Why isn't he interested?
Q I have been married 17 months. My husband and I don’t exactly have the same sex drive, or so he says. At times, he fusses at me saying, "That’s all you think about." I love him dearly but he really hurts my feelings at times. There are times we go almost a week if I’m on my period or not. He says he just can't. I fondle him and at times I perform oral sex on him. It doesn’t always work. I can handle that if that’s really the problem, he sometimes he has told me right after company has left that he was a little excited while so and so was here. Sometimes he will be at work and call me saying, we were talking about different things today and I got to thinking about you and I got a little excited. Well when he comes home, he can’t do anything. At times I feel resentment and think about what he has told me.
I do appreciate his honesty, but he is really ripping my heart apart. Now I feel like I can’t trust him. He has also told me a man can’t control their feelings and getting erections around other people is not wrong as long as he's not flaunting it or hides it. I feel differently about it. I feel I’m being betrayed. I also feel embarrassed and left out. It shows me that I'm not the one he is thinking about, or sexually attracted to. He says sex isn’t the most important thing in a marriage. I realize there are other things important too, but I feel if a person is sexually attracted to others instead of their own mate that something is wrong. I also feel that he is twisted, but he claims every thing is ok and that he loves me. He says he would never do any thing to "jeopardize" our marriage. He says that I put too many limitations on sexual feelings. He thinks I'm wrong for feeling the way I do. I am now beginning to consider divorce because I don’t think I want a hot-tailed husband that can’t perform when it comes to "us". I would love to hear what you think about my situation.
A The first thing I would suggest is that he be looked at by a doctor. It sounds like he has a problem getting erections, and the problem could be physical. And until you rule out a physical problem, no psychologist or therapist can do anything. If the problem is not physical, then it could be mental. He may have had a problem getting an erection once or twice with you, and now he worries about it and feels pressured and so the problem keeps repeating itself. If that’s the problem, then a sex therapist could help you out.
The fact that he is bragging when he gets an erection looking at another woman could signify one of two different things. It might be an ego boost for him, since I’m sure he’s ashamed of the fact that he can’t get erections with you. Or it could be that there is a serious problem in your relationship and he’s trying to make you feel badly. I think it’s the former, but I don’t know enough about the two of you to tell. So start by getting him to go for a physical, letting the doctor know the nature of the problem, and take it from there. Good luck.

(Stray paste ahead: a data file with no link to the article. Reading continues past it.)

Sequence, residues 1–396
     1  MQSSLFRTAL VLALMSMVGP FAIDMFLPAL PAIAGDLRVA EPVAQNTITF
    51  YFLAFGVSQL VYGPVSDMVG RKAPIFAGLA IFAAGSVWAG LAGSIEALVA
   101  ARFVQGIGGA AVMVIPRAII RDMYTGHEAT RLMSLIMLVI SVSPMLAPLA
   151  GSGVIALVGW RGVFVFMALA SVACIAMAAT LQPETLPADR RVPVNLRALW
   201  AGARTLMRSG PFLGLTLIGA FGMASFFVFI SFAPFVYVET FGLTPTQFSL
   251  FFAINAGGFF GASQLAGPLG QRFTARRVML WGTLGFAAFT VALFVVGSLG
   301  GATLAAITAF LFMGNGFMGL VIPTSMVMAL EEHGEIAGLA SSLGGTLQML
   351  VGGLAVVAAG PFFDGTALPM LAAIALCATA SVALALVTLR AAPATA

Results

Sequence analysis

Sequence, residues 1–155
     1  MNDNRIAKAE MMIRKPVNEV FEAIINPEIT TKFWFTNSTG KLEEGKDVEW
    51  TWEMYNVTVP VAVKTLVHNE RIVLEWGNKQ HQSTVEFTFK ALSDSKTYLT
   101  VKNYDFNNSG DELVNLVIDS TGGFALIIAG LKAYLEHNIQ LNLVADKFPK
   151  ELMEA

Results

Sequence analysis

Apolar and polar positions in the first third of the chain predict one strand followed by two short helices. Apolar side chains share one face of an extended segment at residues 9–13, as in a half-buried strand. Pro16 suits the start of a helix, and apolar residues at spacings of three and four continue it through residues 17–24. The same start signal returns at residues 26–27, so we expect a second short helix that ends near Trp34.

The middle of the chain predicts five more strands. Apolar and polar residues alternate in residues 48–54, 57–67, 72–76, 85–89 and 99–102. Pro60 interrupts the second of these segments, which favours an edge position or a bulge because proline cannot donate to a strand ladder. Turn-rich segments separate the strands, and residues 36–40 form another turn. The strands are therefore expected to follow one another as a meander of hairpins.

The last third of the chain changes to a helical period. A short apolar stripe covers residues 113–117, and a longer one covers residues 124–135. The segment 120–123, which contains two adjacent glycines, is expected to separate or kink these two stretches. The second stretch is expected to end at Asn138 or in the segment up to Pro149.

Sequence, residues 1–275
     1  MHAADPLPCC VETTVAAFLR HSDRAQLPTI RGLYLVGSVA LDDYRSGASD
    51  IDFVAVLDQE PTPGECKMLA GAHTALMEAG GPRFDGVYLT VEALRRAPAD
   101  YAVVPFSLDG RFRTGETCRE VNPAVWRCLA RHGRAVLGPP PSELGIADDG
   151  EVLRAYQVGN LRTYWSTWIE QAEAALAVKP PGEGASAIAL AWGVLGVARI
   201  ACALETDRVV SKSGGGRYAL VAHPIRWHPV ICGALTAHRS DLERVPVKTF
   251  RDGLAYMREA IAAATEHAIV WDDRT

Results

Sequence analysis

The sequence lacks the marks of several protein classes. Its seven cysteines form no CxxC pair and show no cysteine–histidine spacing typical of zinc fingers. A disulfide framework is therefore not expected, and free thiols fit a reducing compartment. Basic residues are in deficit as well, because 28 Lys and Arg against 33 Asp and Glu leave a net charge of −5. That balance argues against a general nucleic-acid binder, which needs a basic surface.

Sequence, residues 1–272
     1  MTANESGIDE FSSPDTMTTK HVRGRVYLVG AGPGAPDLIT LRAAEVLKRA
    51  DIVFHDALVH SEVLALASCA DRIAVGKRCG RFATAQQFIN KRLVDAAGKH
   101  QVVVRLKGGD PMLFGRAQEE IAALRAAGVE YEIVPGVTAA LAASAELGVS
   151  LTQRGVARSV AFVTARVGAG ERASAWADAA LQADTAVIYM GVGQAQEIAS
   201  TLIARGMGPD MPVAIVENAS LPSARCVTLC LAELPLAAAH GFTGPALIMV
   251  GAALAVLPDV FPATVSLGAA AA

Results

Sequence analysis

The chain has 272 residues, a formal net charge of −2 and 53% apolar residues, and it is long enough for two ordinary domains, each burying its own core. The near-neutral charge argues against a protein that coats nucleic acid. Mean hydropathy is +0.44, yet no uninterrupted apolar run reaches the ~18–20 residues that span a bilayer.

About Dr. Ruth
Dr. Ruth Westheimer is a psychosexual therapist who helped to pioneer the field of media psychology with her radio program, Sexually Speaking. It began in September of 1980 as a fifteen minute, taped show that aired Sundays after midnight on WYNY-FM (NBC) in New York. One year later it became a live, one-hour show airing at 10 PM on which Dr. Ruth, as she became known, answered call-in questions from listeners. Soon it became part of a communications network to distribute Dr. Westheimer's expertise which has included television, books, newspapers, games, home video, computer software and her own website, www.drruth.com.
Born in Germany in 1928, Dr. Westheimer was sent to a children's home in Switzerland at the age of ten which became an orphanage for most of the German Jewish students who had been sent there to escape the Holocaust. At 17 she went to Israel where she fought for that country's independence as a member of the Haganah, the Jewish freedom fighters. She then moved to Paris where she studied at the Sorbonne and taught kindergarten. She immigrated to the U.S. in 1956 where she obtained her Masters Degree in Sociology from the Graduate Faculty of the New School of Social Research. In 1970, she received a Doctorate of Education (Ed.D.) in the Interdisciplinary Study of the Family from Columbia University Teacher's College.
She worked for Planned Parenthood for a time and it was that experience that prompted her to further her education in human sexuality by studying under Dr. Helen Singer Kaplan at New York Hospital-Cornell University Medical Center. She later participated in the program for five years as an Adjunct Associate Professor. She has also taught at Lehman College, Brooklyn College, Adelphi University, Columbia University and West Point.
Currently Dr. Westheimer is an Adjunct Professor at N.Y.U. and an Associate Fellow of Calhoun College at Yale University, where she teaches a course on the Jewish family, and a Fellow of Butler College at Princeton University, where she teaches a similar course. She is a fellow of the New York Academy of Medicine and in addition to having her own private practice, she frequently lectures at universities across the country and has twice been named "College Lecturer of the Year."
Do you have a question about sex, love, or romance? Dr. Ruth's got the answers.
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